An understanding of the role of SWE in the broader context of respiratory muscle dysfunction is an ongoing challenge. SWE may represent a promising area for the advancement of the assessment of respiratory muscle dysfunction. The correlational research should not be limited to COPD, and many events that may cause diaphragmatic dysfunction (such as Guillain‒Barre syndrome, myasthenia gravis, postpolio syndrome, mechanical ventilation and other factors) are worthy of further investigations by relevant scholars. Finally, as peripheral muscle dysfunction is a common complication in patients with COPD [40], ultrasound assessment of peripheral muscle function (particularly the quadriceps muscle) could be of interest [41]. SWE, which is a relatively newer imaging technique that allows for the quantitative measurement of the biomechanical properties of tissues, may play a new role in the peripheral muscle function assessment of COPD.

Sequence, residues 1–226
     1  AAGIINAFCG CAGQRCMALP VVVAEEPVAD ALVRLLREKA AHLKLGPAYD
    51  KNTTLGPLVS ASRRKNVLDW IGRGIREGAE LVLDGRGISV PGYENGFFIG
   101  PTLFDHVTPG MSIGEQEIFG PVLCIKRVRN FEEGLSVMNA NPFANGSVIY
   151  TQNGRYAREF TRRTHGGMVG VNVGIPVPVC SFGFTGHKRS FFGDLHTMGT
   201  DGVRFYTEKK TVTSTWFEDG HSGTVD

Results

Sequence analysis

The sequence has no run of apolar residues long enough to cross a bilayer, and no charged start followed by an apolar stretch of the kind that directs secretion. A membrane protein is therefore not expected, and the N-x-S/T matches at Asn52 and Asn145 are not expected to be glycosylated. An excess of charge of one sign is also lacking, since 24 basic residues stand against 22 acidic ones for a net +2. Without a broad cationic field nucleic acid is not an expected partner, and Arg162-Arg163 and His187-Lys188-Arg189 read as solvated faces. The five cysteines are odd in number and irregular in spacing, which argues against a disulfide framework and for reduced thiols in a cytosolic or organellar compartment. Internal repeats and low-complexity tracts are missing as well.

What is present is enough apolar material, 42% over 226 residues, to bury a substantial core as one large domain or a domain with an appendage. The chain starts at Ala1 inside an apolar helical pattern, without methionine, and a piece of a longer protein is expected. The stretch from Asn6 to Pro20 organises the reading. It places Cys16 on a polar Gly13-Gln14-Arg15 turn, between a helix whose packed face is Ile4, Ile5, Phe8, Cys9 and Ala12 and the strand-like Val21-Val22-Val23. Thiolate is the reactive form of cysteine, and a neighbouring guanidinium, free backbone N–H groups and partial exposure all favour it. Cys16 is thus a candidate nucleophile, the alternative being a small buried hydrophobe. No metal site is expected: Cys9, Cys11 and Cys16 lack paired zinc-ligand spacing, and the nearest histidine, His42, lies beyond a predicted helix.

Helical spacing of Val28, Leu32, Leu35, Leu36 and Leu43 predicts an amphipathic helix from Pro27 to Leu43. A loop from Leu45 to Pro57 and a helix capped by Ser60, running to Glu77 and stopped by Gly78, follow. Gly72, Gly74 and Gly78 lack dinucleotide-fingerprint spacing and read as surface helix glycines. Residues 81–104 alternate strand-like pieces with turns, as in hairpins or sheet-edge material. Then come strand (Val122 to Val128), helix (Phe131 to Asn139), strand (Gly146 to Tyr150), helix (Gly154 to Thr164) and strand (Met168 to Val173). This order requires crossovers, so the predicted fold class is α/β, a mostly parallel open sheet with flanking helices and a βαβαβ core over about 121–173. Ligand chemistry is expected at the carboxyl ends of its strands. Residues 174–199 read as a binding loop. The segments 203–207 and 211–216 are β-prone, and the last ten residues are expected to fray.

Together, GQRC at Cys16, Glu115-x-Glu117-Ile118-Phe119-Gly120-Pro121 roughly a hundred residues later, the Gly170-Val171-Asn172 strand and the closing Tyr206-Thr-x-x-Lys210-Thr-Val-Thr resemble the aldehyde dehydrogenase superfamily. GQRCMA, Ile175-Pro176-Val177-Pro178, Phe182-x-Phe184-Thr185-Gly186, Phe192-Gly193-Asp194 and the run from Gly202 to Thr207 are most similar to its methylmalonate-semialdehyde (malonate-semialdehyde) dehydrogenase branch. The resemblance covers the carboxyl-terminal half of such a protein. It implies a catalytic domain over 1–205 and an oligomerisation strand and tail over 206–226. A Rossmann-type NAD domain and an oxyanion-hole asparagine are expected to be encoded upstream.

In summary, 2D-SWE can be used to assess the changes in the elastic modulus of the respiratory muscles of patients with different severities of COPD; additionally, combined with the two-dimensional ultrasound examination of diaphragm movement, contraction amplitude and other items, this technology can quantitatively evaluate respiratory muscle function.

Conclusion

This clinical study showed that 2D-SWE can be used to assess the stiffness of the diaphragm and intercostal muscles of COPD patients, both of which are related to the lung functions of patients. In the progression of COPD, lung function impairment can develop, and the DS and IMS can gradually increase.